Rep. Dave Camp (R-Mich.), chairman of the powerful tax-writing House Ways and Means Committee, plans to retire after his current term, he announced Monday.

Rep. Dave Camp (R-Mich.). (Katherine Frey/The Washington Post)

Camp said in a statement that his decision "was reached after much consideration and discussion with my family. Serving in Congress is the great honor of my professional life. I am deeply grateful to the people of the 4th Congressional District for placing their trust in me. Over the years, their unwavering support has been a source of strength, purpose and inspiration. During the next nine months, I will redouble my efforts to grow our economy and expand opportunity for every American by fixing our broken tax code, permanently solving physician payments for seniors, strengthening the social safety net and finding new markets for U.S. goods and services."

Camp’s retirement was expected by many inside the Capitol. The 60-year-old has served in Congress since 1991 and assumed control of the committee when Republicans retook control of the House in 2011. But his six-year term as top Republican on the panel is scheduled to conclude at the end of the year. He battled cancer last year and considered running for Michigan's open U.S. Senate seat, but opted instead to put all his political and legislative muscle into the fight to overhaul the tax code.

His partner in that effort was supposed to be the chairman of the Senate Finance Committee, Max Baucus, the Montana Democrat who announced his own retirement plans last year. At that time, Baucus said he would expend his last political breaths trying to fight for the complicated tax overhaul, but by December it was clear to all sides that this divided Congress lacked the willpower to take on such a behemoth task that required serious examination of many financial sacred cows – whether to trim the mortgage interest deduction, how to tax the earnings of private equity firms and hedge funds, what the the top income tax rate should be.

Baucus then accepted President Obama’s appointment to be ambassador to China, retiring from the Senate in February and leaving tax reform stalled. Camp released his own plan in March, to much fanfare because it tackled several serious issues, but it was immediately dismissed by House GOP leaders and Senate Minority Leader Mitch McConnell (R-Ky.) as something that would not happen this year.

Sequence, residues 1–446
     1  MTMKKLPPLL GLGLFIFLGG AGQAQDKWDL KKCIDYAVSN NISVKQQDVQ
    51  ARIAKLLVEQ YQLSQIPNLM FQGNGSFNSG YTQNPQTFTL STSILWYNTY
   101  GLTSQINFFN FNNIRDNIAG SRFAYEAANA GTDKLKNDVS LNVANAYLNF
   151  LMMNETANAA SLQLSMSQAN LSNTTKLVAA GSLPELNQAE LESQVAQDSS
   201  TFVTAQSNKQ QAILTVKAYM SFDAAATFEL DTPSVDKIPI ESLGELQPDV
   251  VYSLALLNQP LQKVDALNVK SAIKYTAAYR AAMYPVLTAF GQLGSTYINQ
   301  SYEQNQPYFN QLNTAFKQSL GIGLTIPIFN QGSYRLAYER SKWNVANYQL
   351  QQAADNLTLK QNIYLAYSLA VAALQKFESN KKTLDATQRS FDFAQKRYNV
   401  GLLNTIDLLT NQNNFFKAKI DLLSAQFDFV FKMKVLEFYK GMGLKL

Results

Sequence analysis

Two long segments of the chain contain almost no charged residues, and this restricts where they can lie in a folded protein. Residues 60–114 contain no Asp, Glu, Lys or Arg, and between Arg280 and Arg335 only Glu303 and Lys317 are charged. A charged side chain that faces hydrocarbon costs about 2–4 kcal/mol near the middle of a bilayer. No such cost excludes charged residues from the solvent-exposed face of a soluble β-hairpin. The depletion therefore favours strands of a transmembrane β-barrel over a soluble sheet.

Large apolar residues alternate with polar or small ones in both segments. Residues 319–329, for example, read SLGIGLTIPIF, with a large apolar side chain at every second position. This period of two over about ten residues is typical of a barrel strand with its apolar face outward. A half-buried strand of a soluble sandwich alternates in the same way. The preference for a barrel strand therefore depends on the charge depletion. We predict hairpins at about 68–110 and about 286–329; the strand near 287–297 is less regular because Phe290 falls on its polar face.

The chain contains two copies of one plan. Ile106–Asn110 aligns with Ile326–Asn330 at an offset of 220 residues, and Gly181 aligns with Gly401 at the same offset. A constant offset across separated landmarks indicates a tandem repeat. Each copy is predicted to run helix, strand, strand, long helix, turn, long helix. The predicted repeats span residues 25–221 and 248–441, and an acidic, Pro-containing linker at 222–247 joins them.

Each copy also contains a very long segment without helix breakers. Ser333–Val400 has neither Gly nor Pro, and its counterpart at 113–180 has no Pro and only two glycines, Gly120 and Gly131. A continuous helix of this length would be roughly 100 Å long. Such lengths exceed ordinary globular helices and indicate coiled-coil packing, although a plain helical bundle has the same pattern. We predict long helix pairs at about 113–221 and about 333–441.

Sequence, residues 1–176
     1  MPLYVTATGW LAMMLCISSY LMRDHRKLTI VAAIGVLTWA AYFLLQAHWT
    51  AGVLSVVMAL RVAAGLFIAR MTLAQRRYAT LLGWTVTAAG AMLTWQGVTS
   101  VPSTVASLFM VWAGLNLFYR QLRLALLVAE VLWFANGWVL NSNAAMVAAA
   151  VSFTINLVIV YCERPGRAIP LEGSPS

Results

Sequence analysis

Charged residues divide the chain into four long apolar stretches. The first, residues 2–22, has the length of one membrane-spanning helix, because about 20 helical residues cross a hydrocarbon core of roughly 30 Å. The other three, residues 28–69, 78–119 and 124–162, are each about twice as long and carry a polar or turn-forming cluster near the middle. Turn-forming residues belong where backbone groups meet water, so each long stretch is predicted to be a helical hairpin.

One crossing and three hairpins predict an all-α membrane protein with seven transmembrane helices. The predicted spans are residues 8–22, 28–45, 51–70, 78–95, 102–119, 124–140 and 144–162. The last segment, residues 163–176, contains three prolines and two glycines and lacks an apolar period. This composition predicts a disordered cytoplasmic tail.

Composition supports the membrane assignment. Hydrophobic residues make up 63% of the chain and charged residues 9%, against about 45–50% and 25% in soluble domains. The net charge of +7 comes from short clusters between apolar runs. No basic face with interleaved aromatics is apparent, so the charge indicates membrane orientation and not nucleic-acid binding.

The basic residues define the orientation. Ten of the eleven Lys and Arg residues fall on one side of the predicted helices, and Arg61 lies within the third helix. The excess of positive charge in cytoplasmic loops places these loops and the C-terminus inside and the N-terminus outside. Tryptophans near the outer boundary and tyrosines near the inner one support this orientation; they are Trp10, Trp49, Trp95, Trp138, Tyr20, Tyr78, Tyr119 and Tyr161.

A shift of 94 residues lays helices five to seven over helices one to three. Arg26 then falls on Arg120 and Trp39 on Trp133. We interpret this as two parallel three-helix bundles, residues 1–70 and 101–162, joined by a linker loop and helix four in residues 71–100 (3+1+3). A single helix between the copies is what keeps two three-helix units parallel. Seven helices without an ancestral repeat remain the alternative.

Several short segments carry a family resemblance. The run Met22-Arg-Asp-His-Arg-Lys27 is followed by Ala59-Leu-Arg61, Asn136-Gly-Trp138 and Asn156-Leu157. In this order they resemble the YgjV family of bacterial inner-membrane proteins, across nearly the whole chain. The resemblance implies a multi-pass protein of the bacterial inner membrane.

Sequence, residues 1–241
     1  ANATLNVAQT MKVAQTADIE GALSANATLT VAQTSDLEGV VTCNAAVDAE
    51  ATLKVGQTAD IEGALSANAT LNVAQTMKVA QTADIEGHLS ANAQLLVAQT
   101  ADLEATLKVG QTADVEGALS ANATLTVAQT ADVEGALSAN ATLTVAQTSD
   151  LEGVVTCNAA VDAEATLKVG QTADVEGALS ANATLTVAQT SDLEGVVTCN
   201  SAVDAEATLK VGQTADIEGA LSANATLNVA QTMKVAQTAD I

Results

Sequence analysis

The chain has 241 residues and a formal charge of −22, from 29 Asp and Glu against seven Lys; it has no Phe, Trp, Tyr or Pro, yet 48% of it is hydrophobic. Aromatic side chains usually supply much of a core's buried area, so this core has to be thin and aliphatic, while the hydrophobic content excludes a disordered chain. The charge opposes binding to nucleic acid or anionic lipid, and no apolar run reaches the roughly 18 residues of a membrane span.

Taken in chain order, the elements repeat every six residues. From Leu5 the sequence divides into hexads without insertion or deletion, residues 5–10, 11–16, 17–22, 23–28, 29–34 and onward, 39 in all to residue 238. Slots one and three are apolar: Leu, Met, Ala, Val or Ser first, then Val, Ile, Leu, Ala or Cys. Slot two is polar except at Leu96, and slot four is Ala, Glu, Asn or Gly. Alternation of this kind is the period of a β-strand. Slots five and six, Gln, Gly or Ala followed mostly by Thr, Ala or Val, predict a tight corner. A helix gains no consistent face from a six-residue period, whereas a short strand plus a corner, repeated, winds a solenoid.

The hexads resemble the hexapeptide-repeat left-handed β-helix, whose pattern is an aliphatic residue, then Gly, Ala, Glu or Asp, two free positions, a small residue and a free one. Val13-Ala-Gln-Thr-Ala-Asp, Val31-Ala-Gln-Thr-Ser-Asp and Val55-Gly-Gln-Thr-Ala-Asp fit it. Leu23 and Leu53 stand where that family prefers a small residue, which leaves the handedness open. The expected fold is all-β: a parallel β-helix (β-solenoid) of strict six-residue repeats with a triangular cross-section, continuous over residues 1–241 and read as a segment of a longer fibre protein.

The battle to succeed Camp at Ways and Means is a two-way race between Rep. Paul Ryan (R-Wis.), the clear front-runner, and Rep. Kevin Brady (R-Tex.), who is more senior on the panel than Ryan.

Ryan is scheduled to release his budget blueprint Tuesday, and the former 2012 vice presidential nominee has stated publicly that he wants to take over the gavel from Camp, although there is still a chance that Ryan might run for president in 2016.

As Ways and Means chairman, Camp is among the most powerful men in Washington, with jurisdiction over taxes, Medicare, Social Security — and the budget debate. He's been universally described as "nice" and collegial and an antithesis of the brash, iron-fisted chairmen of the past. If Ryan has earned credit for shaping the GOP’s big-picture vision, Camp has been cast as the guy in the trenches thrashing out policy — or deciding when to back away. When Ryan’s controversial plan to privatize Medicare was under siege in 2012, Camp helped quiet the uproar by announcing that his committee would not advance the Medicare plan, which had zero chance of passing anyway.

Camp is the 26th member of the House and the fourth member of the Michigan congressional delegation to announce plans to step down. Already Sen. Carl Levin (D-Mich.), House Intelligence Committee Chairman Mike Rogers (R-Mich.) and Rep. John Dingell (D-Mich.) – the longest-serving member in congressional history -- have announced their retirements. This year, more House Republicans than House Democrats have announced plans to retire.

In a statement, Rep. Greg Walden (R-Ore.), who leads the National Republican Congressional Committee, called Camp "a role model to us all" who has "fought tooth and nail for the fiscal reforms our country needs." Walden added: "It simply won’t be the same around here without Dave’s leadership."

Camp's north central Michigan district leans Republican and will be expected to remain in GOP hands in the November midterm election, barring an upset. Mitt Romney won 54 percent there in 2012. The nonpartisan Cook Report had rated Camp's seat as "Solid Republican" under the assumption that he would run for another term.

Potential candidates looking to replace Camp will have little time to decide whether to run. The filing deadline is April 22.

RELATED: Rep. Dave Camp patiently pursues tax reform

Sean Sullivan, Robert Costa and Lori A. Montgomery contributed to this report.